In these days of cyberspace we all live in a frictionless hyperreality. As soon as a thought goes from our brain to our fingers and registers on the computer we can virtually travel through any time or space. All cravings for virtual stimuli are gratified almost instantly. Did Anders Breivik not subscribe to a mythology of the nobel fight against evil? The “Christian” soldier battling the forces of Islamic evil. What a relief his demented crusade must have been to him from the previous frictionless hypereality of online forums and endless hours on World of Warcraft. His sunny day out on Utoya island was certainly more visceral and corporeal than the virtuality of his online life. He needed the fresh air and interaction. As I write this, that small suburb of Denver is coming to terms with their own shooting during the local batman premier. Another deranged man, a PhD dropout, probably in search of the same return-to-actuality as Breivik. An affirmation of his own corporeality.

J.G. Ballard’s novel crash and subsequent movie adaptation deals with this need to return to the flesh, as a group of individuals explore the possibilities of being sexually aroused by their own car crashes. Nearly totally subsumed to the hyperreality of the motor vehicle we, in this modern age, slide through frictionless lives in air conditioned capsules that alienate us from social interaction, dehumanising 4×4 fortresses teleporting us from one safe house to another.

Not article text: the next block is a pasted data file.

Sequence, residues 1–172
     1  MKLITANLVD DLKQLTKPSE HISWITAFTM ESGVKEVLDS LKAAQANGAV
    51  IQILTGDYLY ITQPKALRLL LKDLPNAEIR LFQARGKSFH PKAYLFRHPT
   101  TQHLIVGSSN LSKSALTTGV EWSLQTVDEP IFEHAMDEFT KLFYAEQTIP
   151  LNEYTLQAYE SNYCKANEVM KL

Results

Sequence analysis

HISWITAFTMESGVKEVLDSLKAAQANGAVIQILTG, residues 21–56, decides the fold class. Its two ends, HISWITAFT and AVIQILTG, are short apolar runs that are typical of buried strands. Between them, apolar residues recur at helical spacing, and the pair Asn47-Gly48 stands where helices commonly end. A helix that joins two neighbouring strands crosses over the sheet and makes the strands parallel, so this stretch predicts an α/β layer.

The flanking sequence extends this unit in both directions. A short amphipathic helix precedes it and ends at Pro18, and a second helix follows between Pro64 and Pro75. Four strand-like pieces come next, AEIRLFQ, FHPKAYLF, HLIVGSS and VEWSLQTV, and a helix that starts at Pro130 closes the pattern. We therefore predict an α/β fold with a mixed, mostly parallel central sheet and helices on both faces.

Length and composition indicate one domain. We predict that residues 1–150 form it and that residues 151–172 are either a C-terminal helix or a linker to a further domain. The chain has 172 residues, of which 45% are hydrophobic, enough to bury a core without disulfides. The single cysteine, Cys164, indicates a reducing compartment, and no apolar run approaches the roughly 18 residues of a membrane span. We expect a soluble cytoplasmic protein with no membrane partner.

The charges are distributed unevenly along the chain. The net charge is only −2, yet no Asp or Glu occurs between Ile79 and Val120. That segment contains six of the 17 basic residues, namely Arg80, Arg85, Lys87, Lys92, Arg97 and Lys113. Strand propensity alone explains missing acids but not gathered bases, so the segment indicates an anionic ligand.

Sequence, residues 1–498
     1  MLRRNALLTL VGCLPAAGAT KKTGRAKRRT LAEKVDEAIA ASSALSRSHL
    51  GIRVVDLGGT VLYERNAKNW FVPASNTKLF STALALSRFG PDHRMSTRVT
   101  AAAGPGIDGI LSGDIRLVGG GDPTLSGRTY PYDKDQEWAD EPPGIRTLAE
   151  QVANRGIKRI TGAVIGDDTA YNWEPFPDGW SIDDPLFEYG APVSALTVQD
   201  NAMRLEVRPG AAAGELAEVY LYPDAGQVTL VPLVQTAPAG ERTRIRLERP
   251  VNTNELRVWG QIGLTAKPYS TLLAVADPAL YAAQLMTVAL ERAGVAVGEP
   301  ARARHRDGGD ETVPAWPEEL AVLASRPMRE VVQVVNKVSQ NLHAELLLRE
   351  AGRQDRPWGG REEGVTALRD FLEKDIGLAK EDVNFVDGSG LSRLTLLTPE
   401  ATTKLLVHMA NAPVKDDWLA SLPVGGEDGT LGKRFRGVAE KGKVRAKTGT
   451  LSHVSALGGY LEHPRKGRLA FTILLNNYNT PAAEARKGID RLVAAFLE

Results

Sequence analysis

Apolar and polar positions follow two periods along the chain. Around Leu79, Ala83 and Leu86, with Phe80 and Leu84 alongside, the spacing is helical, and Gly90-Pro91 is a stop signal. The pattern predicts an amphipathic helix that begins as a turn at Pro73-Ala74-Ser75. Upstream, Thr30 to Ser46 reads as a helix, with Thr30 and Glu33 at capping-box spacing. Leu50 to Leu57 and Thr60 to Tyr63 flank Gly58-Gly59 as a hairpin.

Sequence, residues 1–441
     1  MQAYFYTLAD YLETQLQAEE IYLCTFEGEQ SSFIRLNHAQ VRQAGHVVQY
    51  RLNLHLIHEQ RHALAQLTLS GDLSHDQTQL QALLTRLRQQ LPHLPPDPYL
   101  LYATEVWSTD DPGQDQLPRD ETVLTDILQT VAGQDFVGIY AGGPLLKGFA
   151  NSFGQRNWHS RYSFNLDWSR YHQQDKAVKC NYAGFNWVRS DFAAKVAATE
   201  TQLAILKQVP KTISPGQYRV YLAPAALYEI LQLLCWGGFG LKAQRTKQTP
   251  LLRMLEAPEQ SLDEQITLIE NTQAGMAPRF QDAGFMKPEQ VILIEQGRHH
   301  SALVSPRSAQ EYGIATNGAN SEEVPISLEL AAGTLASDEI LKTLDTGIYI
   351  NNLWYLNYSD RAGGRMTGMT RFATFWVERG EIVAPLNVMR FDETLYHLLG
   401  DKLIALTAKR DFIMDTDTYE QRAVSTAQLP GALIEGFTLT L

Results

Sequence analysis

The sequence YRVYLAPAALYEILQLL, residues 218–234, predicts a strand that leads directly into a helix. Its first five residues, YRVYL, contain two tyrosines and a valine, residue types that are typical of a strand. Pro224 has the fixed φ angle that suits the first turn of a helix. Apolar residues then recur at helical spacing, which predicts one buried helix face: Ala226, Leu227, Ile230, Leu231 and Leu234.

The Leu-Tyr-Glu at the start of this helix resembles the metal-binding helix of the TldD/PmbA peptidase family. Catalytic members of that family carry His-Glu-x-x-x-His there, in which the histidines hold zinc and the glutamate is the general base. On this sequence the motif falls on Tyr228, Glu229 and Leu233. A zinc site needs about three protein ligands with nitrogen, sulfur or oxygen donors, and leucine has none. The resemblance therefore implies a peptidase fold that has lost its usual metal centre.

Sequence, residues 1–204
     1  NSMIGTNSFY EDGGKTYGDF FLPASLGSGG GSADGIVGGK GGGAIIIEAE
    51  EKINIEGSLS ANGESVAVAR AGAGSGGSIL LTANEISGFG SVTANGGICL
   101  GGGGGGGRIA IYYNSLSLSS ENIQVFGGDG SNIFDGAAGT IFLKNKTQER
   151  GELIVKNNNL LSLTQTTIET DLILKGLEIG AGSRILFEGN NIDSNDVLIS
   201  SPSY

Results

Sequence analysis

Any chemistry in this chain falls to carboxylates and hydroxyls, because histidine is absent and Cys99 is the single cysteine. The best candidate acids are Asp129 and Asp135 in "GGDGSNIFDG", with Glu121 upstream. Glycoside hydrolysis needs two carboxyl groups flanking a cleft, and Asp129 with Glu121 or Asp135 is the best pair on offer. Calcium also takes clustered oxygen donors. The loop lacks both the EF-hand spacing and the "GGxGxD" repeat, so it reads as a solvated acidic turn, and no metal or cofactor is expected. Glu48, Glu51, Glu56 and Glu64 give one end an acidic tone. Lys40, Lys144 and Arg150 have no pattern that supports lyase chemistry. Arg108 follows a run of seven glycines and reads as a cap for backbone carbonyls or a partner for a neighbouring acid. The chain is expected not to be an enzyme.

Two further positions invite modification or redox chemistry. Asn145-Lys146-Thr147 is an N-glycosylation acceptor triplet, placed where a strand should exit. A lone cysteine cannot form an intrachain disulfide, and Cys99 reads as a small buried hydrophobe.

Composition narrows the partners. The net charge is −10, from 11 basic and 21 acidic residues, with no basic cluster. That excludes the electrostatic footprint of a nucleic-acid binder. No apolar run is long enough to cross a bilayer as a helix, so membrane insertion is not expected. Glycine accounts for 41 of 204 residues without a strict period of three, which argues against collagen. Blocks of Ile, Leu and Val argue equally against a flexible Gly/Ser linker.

The hyperreality of the car, like the internet, partially transcends time and space. We traverse the landscape quicker and faster than previous generations would have imagined. Ballard’s pornographic car crashes are a return to corporeality, a reminder that one is made of flesh and bones and that one is alive. What could be a more total representation of friction that the complete halt of a car crash? The frictionless, endless boredom of circling the M25, the ultimate network of hyperreality can be brought back to the flesh by an arterial blockage, a crash, a jackniffed lorry or an IRA Bomb. This return to the corporeality driven by mythic struggles can explain 21st century phenomena. From young middle class British Muslims waging war against America, to lone gunmen in as disparate locations as Norway and Colorado, to a lunatic mega-celebrity envisioning himself as the saviour of humanity. Other social transgressions such as body piercing, rock and roll, raves and Magic Mushrooms are all a return to the flesh, a tactical rupturing of the hyperreal membrane. The virtuality of technology has made us all into superhumans of cyberspace, able to transcend time and space but with alienating consequences. A Society without the flesh. Batman’s crusade along with countless other primitivist tales like Crash, Fight Club and The Unabomber manifesto represent the western need to create meaning in our lives by weaving struggle into motivating narratives. This struggle is the moment we transgress from the hyperreality of technology and experience friction and flesh.